Pharmaceutical Sales People Ruled Exempt from Overtime Pay
Pharmaceutical Sales Reps Held Exempt from Overtime
The U.S. Supreme Court ruled in Christopher et al. v. SmithKline Beecham Corp., dba GlaxoSmithKline, No. 11-204 (June 18, 2012) that pharmaceutical sales representatives (PSPs) are outside salesmen exempt from the overtime requirements of the Fair Labor Standards Act. Both the majority and dissent in the 5 to 4 decision agreed that the Court owed no deference to the Secretary of Labor’s interpretation of the FLSA’s outside sales exemption and related regulations as asserted in amicus briefs filed by the Department of Labor in various circuit courts and the Supreme Court.
U. S. Supreme Court Says Deference to Regulatory Agencies Has Limits
The majority opinion was that in ordinary circumstances, deference to an agency’s (here, DOL‘s) interpretation of its own ambiguous regulation is appropriate, but that deference is unwarranted when the agency’s interpretation is “plainly erroneous or inconsistent with the regulation” or when the interpretation “does not reflect the agency’s fair and considered judgment on the matter in question.” That is what the Court found DOL’s interpretation in this case.
The Court said that a reason for not giving deference to this DOL interpretation, that PSPs are non-exempt, was the element of surprise to the pharmaceutical industry after 70 years of DOL acquiescence to the practice of classifying PSRs as exempt employees under the FLSA. The Court found the DOL’s interpretation unpersuasive.
Court Says Definition of “Sales” is Expansive and Functional
The Supreme Court determined that the applicability of the outside sales exemption to PSRs hinged solely on whether PSRs make a “sale” when they provide product information to physicians in an attempt to persuade physicians to prescribe products. The industry is subject to a federal regulation that prescription drug must be dispensed only upon a physician’s prescription. Therefore, the industry, for more than 70 years, has employed PSRs to promote products to physicians, urging them to write prescriptions for the products in appropriate cases. The plaintiffs argued that because it is illegal for PSRs and doctors to exchange money for pharmaceuticals, PSRs do not actually make sales, therefore, they could not be exempt.
DOL regulations define an outside salesperson as an employee (1) whose primary duty is: (i) making sales within the meaning of Section 3(k) of the FLSA; or (ii) obtaining orders or contracts for services or for the use of facilities for which consideration will be paid by the client or customer; and (2) who is customarily and regularly engaged away from the employer’s place or places of business in performing such primary duty. 29 C.F.R. § 541.500(a).
Here, the company employed the two named plaintiffs in the case as PSRs for approximately four years. Their average gross annual pay was $74,000, 25%-30% of which was incentive compensation based on sales volume or market share within their territory. The PSRs’ duties included calling on physicians in their assigned territory to provide information to physicians regarding the pharmaceuticals in the PSR’s portfolio with the goal of obtaining a nonbinding commitment from the physician to prescribe the drugs to appropriate patients. PSRs worked “in the field” and had no “office” and very little day-to-day supervision.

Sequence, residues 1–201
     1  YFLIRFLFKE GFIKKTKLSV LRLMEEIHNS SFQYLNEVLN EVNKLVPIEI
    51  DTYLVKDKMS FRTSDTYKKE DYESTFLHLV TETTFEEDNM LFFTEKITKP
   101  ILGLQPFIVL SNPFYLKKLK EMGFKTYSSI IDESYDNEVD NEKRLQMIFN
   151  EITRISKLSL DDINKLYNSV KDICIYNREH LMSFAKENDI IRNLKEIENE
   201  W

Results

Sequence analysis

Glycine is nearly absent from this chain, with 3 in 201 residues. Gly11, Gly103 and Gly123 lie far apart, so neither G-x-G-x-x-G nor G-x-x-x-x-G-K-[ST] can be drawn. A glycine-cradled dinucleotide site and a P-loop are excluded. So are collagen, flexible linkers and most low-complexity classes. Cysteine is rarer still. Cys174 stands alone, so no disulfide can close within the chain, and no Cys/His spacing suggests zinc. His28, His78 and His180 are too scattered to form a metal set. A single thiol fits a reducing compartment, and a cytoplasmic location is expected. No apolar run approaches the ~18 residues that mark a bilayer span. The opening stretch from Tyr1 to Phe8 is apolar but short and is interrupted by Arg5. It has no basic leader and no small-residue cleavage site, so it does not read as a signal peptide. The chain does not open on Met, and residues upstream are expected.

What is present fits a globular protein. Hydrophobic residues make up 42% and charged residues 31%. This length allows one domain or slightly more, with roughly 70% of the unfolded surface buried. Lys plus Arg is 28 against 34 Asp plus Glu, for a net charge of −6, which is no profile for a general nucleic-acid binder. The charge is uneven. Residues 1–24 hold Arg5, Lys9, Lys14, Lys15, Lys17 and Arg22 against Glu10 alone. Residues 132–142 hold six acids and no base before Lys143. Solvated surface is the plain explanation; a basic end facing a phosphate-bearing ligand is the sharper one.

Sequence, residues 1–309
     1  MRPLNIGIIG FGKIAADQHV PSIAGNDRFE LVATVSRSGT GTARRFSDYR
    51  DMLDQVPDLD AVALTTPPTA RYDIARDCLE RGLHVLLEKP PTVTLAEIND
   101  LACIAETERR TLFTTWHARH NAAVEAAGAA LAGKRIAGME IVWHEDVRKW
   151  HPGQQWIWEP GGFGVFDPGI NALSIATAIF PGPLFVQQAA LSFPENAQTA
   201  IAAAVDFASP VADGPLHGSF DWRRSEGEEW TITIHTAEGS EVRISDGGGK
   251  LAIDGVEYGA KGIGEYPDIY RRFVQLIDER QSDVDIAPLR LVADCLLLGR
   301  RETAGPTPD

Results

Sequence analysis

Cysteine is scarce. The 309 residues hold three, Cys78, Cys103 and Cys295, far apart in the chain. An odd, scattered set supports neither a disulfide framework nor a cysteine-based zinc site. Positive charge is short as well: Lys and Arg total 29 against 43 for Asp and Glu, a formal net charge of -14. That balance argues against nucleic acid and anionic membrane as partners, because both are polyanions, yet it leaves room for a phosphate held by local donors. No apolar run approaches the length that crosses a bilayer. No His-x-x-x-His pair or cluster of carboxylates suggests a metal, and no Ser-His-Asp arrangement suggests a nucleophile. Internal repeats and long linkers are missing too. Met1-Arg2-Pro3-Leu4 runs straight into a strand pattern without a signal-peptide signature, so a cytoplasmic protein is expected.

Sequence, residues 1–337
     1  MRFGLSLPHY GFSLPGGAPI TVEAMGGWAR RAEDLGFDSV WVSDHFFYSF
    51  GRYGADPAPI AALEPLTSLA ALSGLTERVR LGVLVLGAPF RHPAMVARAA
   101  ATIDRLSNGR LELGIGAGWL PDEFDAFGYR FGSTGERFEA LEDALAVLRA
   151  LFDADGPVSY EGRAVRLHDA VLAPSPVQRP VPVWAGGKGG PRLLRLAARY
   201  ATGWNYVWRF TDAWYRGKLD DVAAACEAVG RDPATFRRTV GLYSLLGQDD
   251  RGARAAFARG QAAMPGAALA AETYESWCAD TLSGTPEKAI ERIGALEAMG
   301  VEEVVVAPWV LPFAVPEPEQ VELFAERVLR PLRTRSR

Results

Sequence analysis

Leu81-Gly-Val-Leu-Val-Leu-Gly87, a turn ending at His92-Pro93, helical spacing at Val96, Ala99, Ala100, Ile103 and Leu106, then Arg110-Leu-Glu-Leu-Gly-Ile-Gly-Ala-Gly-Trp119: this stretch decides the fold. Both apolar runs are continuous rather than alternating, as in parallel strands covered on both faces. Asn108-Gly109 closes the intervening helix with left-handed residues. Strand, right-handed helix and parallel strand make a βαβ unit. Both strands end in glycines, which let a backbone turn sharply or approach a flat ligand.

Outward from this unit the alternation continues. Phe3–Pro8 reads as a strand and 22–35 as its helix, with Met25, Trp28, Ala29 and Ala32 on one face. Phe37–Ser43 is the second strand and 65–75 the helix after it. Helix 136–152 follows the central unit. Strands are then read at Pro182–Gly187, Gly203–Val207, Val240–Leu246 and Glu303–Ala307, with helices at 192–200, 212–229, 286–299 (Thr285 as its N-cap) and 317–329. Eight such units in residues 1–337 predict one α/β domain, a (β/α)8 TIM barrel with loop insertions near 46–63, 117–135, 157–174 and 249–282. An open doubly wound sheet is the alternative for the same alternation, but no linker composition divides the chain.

The majority’s opinion outlined what it called the “important textual clues” the Court used in interpreting the statute to determine that PSRs make “sales.” First, the statute’s use of the term “in the capacity of [an] outside salesman” favored a “functional,” rather than formal, analysis, with an eye toward the “employee’s responsibilities in the context of the particular industry in which the employee works.” Second, in defining “sale,” the regulations use “includes” instead of “means,” which, the Court explained, indicates an illustrative, rather than exhaustive, list. The same regulation also uses “any” to modify the definition of “sale,” further expanding the definition. Finally, Congress included the catchall “other disposition” in its statutory definition of “sale.” The Court concluded that “‘other disposition’ seems . . . to represent an attempt to accommodate industry-by-industry variations in methods of selling commodities.” The transfer of title to tangible property is not required for an employee to “in some sense” make a sale. Further, evidence that plaintiffs earned 25%-30% of their compensation as incentive pay based on sales within their territory, worked “in the field,” and had little day-to-day supervision reinforced the Court’s reasoning. The majority of the court determined that PSRs thus “bear all of the external indicia of salesmen,” and exempt classification was consistent with the purpose of the FLSA’s exemption for outside salesmen.
Not only is this decision a huge relief for the employer in this case, this decision should serve to abate numerous similar claims pending across the country. Because the Supreme Court held PSRs are exempt under the outside sales exemption based on how “sale” is defined, the decision is broadly applicable to this industry and others as well.
Adair Buckner is an Amarillo attorney with Buckner & Cross, L.L.P. She is Board Certified in Labor and Employment Law by the Texas Board of Legal Specialization. Her other areas of practice include business law, business disputes, commercial litigation, estate planning, and probate. You can reach Adair at (806)-322-7777 or firstname.lastname@example.org. This material is not intended to be legal advice. The contents are intended for general information purposes only.
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